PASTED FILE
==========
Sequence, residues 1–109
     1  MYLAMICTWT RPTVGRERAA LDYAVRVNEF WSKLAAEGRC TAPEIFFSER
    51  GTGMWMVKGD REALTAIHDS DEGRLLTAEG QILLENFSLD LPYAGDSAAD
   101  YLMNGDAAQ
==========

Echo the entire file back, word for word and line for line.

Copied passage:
Sequence, residues 1–109
     1  MYLAMICTWT RPTVGRERAA LDYAVRVNEF WSKLAAEGRC TAPEIFFSER
    51  GTGMWMVKGD REALTAIHDS DEGRLLTAEG QILLENFSLD LPYAGDSAAD
   101  YLMNGDAAQ